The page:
Economy | - Part 30

Deer Panicked by Hawkish Tone of Fed?

As expected, the gathering of Federal Reserve officials in Washington yesterday resulted in no change to monetary policy, though some analysts think the policy statement was more hawkish. (Before anyone gets carried away in interpreting slight changes to their latest policy statement, it’s worth remembering how badly everyone misread the Fed last month).

But, in Cincinnati, OH, there was excitement at the Fed as the local deer population may have already concluded the central bank will taper their money printing effort sooner, rather than later, one of these animals charging head first into the local Fed branch.

The poor deer had to be euthanized after severely injuring itself (be careful not to watch the video too closely), a fate that the U.S. economy and asset markets will hopefully avoid.

Declining Auto Sales Push Retail Sales Lower

The Commerce Department reported(.pdf) that retail sales fell 0.1 percent in September after a gain of 0.2 percent in August as a sharp decline in auto sales more than offset other gains. Excluding autos, sales rose 0.4 percent after a gain of 0.1 percent the month prior.

On a year-over-year basis, overall retail sales rose just 3.2 percent, equaling the level of March that marked the weakest annual rate since August 2010.

Retail Sales

Autos sales fell 2.4 percent after surging 5.8 percent the month prior and, along with clothing store sales (-0.5%) and miscellaneous store sales (-1.2%), this was one of only three major categories to indicate declines.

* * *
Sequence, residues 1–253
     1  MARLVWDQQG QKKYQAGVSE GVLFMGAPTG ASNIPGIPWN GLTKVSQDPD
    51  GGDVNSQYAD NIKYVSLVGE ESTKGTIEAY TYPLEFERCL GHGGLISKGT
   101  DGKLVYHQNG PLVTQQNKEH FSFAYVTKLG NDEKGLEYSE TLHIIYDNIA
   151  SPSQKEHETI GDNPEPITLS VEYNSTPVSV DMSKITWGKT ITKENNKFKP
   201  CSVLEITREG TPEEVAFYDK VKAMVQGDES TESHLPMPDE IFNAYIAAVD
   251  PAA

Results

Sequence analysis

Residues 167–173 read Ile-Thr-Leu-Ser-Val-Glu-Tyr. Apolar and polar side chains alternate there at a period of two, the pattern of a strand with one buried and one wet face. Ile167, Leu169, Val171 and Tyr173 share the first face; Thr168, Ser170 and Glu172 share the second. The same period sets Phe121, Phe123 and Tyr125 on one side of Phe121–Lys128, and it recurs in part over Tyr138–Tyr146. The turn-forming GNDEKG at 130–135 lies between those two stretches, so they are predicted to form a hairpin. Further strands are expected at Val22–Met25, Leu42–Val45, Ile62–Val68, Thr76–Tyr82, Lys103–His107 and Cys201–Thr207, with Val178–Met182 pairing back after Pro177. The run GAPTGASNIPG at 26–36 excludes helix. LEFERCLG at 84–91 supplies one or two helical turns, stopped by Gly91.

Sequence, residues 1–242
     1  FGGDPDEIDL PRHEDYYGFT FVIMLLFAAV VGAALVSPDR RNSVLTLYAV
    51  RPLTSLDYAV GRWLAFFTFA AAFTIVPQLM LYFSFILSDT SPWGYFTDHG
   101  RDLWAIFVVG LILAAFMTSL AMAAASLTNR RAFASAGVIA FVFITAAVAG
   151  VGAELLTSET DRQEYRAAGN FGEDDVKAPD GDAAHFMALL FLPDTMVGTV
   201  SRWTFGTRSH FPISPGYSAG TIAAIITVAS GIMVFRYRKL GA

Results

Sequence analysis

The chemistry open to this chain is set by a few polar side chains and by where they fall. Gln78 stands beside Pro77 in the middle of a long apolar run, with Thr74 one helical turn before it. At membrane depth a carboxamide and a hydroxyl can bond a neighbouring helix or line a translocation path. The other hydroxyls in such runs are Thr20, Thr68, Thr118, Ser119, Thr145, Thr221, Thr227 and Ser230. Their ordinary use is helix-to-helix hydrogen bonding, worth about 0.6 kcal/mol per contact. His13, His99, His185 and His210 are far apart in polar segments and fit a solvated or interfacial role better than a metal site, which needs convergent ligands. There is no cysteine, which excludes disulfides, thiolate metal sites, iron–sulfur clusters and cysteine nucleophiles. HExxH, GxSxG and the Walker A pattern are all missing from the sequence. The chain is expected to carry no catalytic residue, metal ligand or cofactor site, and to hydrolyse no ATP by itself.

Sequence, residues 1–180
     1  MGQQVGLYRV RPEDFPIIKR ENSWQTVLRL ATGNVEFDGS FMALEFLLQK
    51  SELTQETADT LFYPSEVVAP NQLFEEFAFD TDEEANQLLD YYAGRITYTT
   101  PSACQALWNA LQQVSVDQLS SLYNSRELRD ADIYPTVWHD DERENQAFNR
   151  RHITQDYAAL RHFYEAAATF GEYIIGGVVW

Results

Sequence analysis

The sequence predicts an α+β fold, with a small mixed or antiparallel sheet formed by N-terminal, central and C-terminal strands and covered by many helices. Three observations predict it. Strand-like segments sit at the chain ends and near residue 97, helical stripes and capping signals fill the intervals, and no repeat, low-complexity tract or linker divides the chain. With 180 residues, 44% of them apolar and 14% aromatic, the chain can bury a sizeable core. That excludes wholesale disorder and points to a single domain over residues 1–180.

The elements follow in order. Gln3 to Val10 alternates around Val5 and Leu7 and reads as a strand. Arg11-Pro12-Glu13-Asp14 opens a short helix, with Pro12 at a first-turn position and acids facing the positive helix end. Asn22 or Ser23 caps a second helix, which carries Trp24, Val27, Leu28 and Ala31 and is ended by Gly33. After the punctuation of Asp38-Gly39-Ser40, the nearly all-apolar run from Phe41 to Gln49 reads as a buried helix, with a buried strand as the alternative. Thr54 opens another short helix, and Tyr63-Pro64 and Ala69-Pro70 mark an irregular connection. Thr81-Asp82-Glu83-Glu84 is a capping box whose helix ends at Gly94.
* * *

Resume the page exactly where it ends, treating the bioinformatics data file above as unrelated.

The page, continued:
Sales at grocery stores and restaurants/bars rose 0.9 percent to lead the advancing categories as other gains were more modest, not nearly enough to offset the big decline in sales of trucks and automobiles.

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The Farmland Bubble and Missing Workers

Here are a couple of charts that, at first glance, don’t seem to have much in common but, combined, they add important context to the U.S. economy, offering more evidence of the growing divide between the rich and poor.

First, from a story at Marketwatch comes this graphic about a U.S. asset bubble that is even more durable than the Canadian housing bubble – farmland.

There are many reasons for rising farmland prices and easy money is at or near the top of the list, however, this characteristic of the modern day U.S. financial system clearly (surprise!) has a much bigger positive impact on asset prices than jobs.


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You May as Well Stay in School…

More evidence that the dramatic rise in student loan debt will probably end very badly someday comes via this CNN/Money report on America’s youth who, increasingly, have opted to stay out of the labor market. A weak economy has been an important factor in recent years but, as shown below, other secular trends are well established, so much so that you have to look hard to pick out where the 2008-2009 recession occurred.

Young Americans in the Labor Force

More students attending college and pursuing advanced degrees is another key driver of this trend as 25 percent more Americans are seeking higher education today than in 2000, about double the population growth during that time. Amid soaring college costs, access to student loans has remained the easiest type of credit to get in the U.S. and this has facilitated the big increase in college attendance.

Per the latest Labor Department data for Americans age 25 and older, the jobless rate falls from 10.3 percent for those with no high school degree to just 3.7 percent for those with a bachelor’s degree or higher, so, there is a strong case to be made for higher education, however, that education now comes with a much higher price tag.

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